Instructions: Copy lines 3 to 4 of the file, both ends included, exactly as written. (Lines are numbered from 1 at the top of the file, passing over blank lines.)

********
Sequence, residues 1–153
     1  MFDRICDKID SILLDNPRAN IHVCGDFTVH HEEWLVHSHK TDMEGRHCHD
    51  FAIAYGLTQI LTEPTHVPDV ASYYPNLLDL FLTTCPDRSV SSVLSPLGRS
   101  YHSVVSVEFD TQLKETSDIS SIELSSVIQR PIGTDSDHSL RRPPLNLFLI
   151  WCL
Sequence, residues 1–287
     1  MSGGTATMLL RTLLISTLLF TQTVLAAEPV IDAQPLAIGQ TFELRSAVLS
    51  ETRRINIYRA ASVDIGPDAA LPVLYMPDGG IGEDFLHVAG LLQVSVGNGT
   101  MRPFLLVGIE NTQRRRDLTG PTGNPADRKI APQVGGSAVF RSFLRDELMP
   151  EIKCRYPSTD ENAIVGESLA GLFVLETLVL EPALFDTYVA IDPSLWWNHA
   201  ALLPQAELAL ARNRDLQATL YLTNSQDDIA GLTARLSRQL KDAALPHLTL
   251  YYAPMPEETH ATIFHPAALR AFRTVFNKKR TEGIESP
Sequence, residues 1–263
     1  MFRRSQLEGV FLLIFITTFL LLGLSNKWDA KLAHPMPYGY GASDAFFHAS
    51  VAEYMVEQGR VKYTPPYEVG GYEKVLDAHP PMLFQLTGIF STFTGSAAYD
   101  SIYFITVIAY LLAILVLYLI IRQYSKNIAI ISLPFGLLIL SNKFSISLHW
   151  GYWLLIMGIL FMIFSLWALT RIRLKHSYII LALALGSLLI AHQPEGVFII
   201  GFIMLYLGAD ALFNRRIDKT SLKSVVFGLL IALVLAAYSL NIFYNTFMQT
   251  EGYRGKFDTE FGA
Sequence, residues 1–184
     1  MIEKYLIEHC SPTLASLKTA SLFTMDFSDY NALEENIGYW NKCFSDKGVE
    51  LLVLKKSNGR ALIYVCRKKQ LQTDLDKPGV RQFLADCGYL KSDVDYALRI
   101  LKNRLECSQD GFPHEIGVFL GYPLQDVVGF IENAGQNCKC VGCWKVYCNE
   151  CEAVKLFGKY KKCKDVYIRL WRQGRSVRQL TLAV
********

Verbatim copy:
    51  FAIAYGLTQI LTEPTHVPDV ASYYPNLLDL FLTTCPDRSV SSVLSPLGRS
   101  YHSVVSVEFD TQLKETSDIS SIELSSVIQR PIGTDSDHSL RRPPLNLFLI